by Davneet Minhas
reviewed on PC
Spherical piece of hardware
Wheatley, the personality core that you first encounter in the game, seemingly has a reaction to your every action and non-action. He knows when your back is turned to him, when you are falling with him in hand, when you are moving forward or backward or not moving at all. He is one of the most responsive non-playable characters I have ever encountered, and he’s not even a real character, just a small, spherical piece of hardware. In fact, I found myself doing the dumbest things – like jumping into a bottomless pit – just to see what he’d say. He never disappointed, thanks to the game’s superb writing and voice acting.
All the characters in Portal 2 are voiced superbly, so naturally. Every sentence conveys so much personality. Wheatley tries to be helpful and sometimes authoritative, but he is incompetent, insecure, cowardly. He’s also a moron. Cave Johnson, the founder and former CEO of Aperture Science, is simply a series of voice recordings and a few portraits, but through those you know he is pompous, devoted, overconfident, adventurous, callous. And GLaDOS – well, GLaDOS is her usual passive-aggressive, sarcastic self, just a little nastier than before because, you know, you killed her.
For Science. You Monster.
Of course, the writing and voice acting are only a part of the game, and not even the largest part. That would be all the ingenious puzzles, which include so much more than portals. There are laser beams and mirrored cubes which you use to redirect the laser beams. There are Hard Light Bridges and Excursion Funnels that you can walk on or travel through, and that can pass through portals, allowing you to reach new places.
And then there are the gels, these blobby substances that look and act like fruit juice in space and spread onto different surfaces like jam and provide some interesting effects. The Repulsion Gel allows you to jump and bounce much higher than normal, the Propulsion Gel substantially increases your speed, and the Conversion Gel makes portal-phobic surfaces portal-philic. My favorite is definitely the Conversion Gel – it allows for the most abstract puzzles. I’m also partial to the simplest new mechanic, the Aerial Faith Plate, which sends you flying through the air with an exhilaration that matches the parkour in Mirror’s Edge.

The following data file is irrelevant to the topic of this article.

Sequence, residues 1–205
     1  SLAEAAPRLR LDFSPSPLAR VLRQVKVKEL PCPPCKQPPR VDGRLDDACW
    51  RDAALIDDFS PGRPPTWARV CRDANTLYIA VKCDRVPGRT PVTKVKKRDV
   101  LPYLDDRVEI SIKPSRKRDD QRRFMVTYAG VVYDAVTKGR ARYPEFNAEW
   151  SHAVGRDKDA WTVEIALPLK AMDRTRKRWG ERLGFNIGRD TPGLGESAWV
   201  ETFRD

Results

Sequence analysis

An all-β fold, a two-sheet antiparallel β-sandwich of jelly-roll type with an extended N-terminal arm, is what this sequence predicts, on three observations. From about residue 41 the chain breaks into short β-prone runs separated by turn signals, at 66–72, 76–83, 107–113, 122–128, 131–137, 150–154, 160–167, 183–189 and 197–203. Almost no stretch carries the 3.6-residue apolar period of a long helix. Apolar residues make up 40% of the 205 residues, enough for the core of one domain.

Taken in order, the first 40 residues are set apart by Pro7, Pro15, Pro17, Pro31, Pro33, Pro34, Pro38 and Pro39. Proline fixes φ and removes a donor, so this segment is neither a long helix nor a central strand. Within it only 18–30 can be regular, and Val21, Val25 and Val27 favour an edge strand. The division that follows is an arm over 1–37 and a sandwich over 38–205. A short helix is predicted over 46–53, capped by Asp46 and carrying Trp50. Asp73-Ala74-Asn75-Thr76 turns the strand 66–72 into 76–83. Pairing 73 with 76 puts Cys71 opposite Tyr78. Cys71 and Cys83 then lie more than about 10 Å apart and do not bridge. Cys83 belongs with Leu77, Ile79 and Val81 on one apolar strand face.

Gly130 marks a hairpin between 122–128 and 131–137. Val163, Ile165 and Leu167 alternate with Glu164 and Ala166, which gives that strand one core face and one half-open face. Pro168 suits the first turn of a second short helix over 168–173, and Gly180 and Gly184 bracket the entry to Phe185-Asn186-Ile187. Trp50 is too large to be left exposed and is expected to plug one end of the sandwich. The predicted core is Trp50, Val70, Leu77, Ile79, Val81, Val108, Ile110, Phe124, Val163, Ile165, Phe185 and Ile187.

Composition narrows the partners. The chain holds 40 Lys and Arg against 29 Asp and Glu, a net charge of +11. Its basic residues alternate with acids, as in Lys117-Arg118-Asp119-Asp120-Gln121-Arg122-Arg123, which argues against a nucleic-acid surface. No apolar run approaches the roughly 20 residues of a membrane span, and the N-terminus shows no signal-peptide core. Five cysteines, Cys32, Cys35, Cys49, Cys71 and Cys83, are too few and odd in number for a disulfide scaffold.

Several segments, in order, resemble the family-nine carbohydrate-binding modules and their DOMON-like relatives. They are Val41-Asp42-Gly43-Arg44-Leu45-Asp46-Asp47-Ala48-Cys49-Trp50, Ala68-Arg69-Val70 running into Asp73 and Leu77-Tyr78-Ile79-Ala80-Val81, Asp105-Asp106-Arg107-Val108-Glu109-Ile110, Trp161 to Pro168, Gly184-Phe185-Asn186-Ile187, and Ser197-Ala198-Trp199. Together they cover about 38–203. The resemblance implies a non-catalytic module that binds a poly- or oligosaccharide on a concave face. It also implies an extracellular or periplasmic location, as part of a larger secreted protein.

But despite the inclusion of all these new mechanics, I never felt truly overwhelmed. Every mechanic is introduced slowly, methodically; it’s all very accessible. Only one or two puzzles had me stumped for an extended period of time, which is sort of a shame. I would like to see more creative uses of the mechanics, more complex and epic puzzles. I’d like to be overwhelmed and take long periods of time to ponder solutions. But I’d also like to listen to Wheatley, GLaDOS, and Cave Johnson endlessly banter, to continuously fly through the air off Aerial Faith Plates and through portals.
Typically, when I complete a game, I feel a sense of accomplishment, sometimes relief. After completing Portal 2’s single-player campaign, there was only sadness at it having to end.
Great Science is Always the Result of Collaboration
But it didn’t really end! As you probably know, Portal 2 includes a co-op campaign that chronologically follows the single-player story. In it, you and a buddy play Atlas and P-Body, two robot test subjects. All the same mechanics from the main campaign are present, but since there are two players, there’s twice the number of portals, and the puzzles are much larger and more complex – just like I wanted in the single-player campaign.
My robot buddy and I were often stumped. Even when we knew how to solve a puzzle, we sometimes had to attempt the solution a few times before finally succeeding. (Such scenarios typically involved having to execute elaborate jumps.) But, surprisingly, we were never frustrated – failure in Portal 2 is always hilarious. Anytime your robot hits the ground or a wall hard enough he sort of collapses into a sparking, metal pancake before quickly recovering. All of the animations are very amusing, even the most basic ones, including P-Body’s stride and the manner in which he crouches. P-Body, in general, is more amusing than Atlas, but I may just think that because I played as Atlas and therefore saw more of P-Body.
Either way, I found myself duplicitously finding ways to send my partner spiraling into the ground just to watch him go splat. Removing Light Bridges from under him always worked really well, though you can get more creative.
Smart, Surprising, Funny, Poignant, Magnificent.